Air Assisted Production of Alginate Beads Using Focusing Flow Microfluidic Devices: Numerical Modeling of Beads Formation

  • Francesco Marra
  • Angela De Vivo
  • Fabrizio SarghiniEmail author
Part of the Lecture Notes in Bioengineering book series (LNBE)


Alginate micro-bead production represents an interesting technological application in many fields such as pharmaceutical, food, and cosmetics. Usually the studies of micro droplet or micro-bead creation in micro channels formed in different geometries and different techniques (mostly T channel or flow-focusing) have been the subject of many research studies using pure, well characterized solutions and do not take into account the behavior and interaction of food grade and natural products. The possibility of using air as focusing flow [2] in microfluidic devices to produce sodium alginate micro-bead introduce some advantages; for example, the utilization of different focusing fluids like oil frequently requires complicate production processes, introducing a barrier to the interaction of alginate solution with the calcium ions during gelification phase and requiring a posteriori filtering and washing procedure. Moreover, direct immersion of liquid alginate drops in a calcium chloride bath to induce gelification usually happens at relatively high speed, inducing a bead shape deformation due to inertial effects. As in microfluidics details really matter, the geometry of the device represents an important issue: small changes in geometrical configuration, like coaxial misalignment could results in major changes in the dynamics of droplet formation. In this work such effects are investigated using numerical analysis.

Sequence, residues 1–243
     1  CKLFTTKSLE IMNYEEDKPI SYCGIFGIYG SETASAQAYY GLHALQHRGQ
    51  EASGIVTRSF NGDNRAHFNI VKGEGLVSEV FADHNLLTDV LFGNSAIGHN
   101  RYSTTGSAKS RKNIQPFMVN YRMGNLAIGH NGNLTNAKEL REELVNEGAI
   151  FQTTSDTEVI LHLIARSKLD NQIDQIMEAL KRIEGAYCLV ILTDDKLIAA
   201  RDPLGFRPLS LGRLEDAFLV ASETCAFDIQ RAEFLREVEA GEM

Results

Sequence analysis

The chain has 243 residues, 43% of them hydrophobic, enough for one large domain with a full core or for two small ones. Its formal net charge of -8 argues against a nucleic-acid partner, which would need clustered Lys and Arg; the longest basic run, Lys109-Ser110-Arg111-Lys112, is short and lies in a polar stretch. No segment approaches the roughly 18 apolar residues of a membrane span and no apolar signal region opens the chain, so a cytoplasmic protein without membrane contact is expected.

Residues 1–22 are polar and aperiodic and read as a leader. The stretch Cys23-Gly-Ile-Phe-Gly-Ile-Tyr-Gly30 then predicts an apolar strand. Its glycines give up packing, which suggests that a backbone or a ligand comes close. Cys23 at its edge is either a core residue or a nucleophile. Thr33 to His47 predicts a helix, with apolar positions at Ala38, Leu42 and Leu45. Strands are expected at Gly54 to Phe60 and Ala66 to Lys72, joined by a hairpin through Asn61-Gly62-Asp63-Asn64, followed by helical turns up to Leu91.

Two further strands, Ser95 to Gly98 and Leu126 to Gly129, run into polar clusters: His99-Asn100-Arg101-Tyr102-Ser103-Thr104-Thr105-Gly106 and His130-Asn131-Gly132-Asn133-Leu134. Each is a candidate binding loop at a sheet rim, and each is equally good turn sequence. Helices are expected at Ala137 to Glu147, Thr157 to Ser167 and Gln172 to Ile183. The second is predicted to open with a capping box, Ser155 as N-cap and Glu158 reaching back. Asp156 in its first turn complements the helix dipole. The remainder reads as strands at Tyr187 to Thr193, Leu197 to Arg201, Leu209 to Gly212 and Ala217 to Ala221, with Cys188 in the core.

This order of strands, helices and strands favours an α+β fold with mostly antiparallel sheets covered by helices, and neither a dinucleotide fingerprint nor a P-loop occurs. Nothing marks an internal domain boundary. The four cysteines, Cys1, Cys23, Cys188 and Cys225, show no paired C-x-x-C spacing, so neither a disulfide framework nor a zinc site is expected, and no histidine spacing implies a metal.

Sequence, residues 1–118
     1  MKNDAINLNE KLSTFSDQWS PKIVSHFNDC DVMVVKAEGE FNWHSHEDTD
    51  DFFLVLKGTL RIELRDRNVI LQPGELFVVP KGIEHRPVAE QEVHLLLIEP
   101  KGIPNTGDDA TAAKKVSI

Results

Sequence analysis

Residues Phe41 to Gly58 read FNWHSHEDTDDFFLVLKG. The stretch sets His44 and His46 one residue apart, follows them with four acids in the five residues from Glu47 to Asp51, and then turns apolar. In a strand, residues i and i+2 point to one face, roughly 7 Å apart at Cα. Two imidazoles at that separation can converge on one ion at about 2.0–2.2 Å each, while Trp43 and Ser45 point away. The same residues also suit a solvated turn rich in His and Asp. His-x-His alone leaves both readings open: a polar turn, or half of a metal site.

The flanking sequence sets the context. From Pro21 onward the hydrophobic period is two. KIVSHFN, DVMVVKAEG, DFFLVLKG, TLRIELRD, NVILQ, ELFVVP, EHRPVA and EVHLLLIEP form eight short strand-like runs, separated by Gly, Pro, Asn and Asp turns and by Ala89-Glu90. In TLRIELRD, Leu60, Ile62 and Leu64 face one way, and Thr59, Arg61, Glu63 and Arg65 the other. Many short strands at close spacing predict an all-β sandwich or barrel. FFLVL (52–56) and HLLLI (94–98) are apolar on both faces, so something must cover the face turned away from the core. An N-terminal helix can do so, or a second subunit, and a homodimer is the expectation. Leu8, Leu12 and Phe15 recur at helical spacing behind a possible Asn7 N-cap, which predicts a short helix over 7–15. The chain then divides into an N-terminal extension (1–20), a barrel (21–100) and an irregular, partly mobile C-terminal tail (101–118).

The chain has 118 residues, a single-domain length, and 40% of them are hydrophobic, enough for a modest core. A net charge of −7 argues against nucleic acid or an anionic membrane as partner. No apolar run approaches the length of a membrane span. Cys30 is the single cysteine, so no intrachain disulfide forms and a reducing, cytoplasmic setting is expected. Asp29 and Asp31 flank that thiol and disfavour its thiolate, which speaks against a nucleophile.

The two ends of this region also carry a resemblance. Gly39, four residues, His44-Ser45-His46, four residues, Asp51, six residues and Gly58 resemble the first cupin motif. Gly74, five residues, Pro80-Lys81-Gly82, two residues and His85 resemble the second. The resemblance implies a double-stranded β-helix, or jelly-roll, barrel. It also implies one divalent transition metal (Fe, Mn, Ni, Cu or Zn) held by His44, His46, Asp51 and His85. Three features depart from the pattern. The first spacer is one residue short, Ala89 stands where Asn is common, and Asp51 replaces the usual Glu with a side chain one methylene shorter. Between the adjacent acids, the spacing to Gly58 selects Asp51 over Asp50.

Alginate beads Pre-gelation Microfluidic Numerical modeling 


  1. 1.
    Babak, V.G., Skotnikova, E.A., Lukina, I.G., Pelletier, S., Hubert, P., Dellacheriey, E.: Hydrophobically associating alginate derivatives: surface tension properties of their mixed aqueous solutions with oppositely charged surfactants. J. Colloid Interface Sci. 225, 505–510 (2000)CrossRefGoogle Scholar
  2. 2.
    Bong, K.W., Chapin, S.C., Pregibon, D.C., Baah, D., Floyd-Smith, T.M., Doyle, P.S.: Compressed-air flow control system. Lab Chip 11, 743–747 (2011)CrossRefGoogle Scholar
  3. 3.
    Denaro, F.M., Sarghini, F.: 2-d transmitral flows simulation by means of the immersed boundary method on unstructured grids. Int. J. Numer. Meth. Fluids 38, 1133–1157 (2002)CrossRefzbMATHGoogle Scholar
  4. 4.
    Hirt, C.W., Nichols, B.D.: Volume of fluid (VOF) method for the dynamics of free boundaries. J. Comput. Phys. 39(1), 201–225 (1981)CrossRefzbMATHGoogle Scholar
  5. 5.
    OpenFoam v.2.2.0, (2013). A free open source CFD code.
  6. 6.
    Schneider, T., Chapman, G.H., Häfeli, U.O.: Effects of chemical and physical parameters in the generation of microspheres by Hydrodynamic flow focusing. Colloids Surf., B 87, 361–368 (2011)CrossRefGoogle Scholar
  7. 7.
    Sarghini, F., Piomelli, U., Balaras, E.: Scale-similar models for large eddy simulations. Phys. Fluids 11(6), 1596–1607 (1999)CrossRefzbMATHGoogle Scholar
  8. 8.
    Sarghini, F.: Microfluidic encapsulation process. In: M. Mishra (ed.) Handbook of Encapsulation and Controlled Release, CRC Press, Boca Raton, USA (2015)Google Scholar
  9. 9.
    Tabeei, A., Samimi, A., Khorram, M., Moghadam, H.: Study pulsating electrospray of non-Newtonian and thixotropic sodium alginate solution. J. Electrost. 70, 77–82 (2012)CrossRefGoogle Scholar

Copyright information

© Springer International Publishing AG 2018

Authors and Affiliations

  • Francesco Marra
    • 1
  • Angela De Vivo
    • 2
  • Fabrizio Sarghini
    • 2
    Email author
  1. 1.Dipartimento di Ingegneria IndustrialeUniversità Degli Studi Di SalernoFiscianoItaly
  2. 2.Dipartimento di AgrariaUniversity of Naples “Federico II”PorticiItaly

Personalised recommendations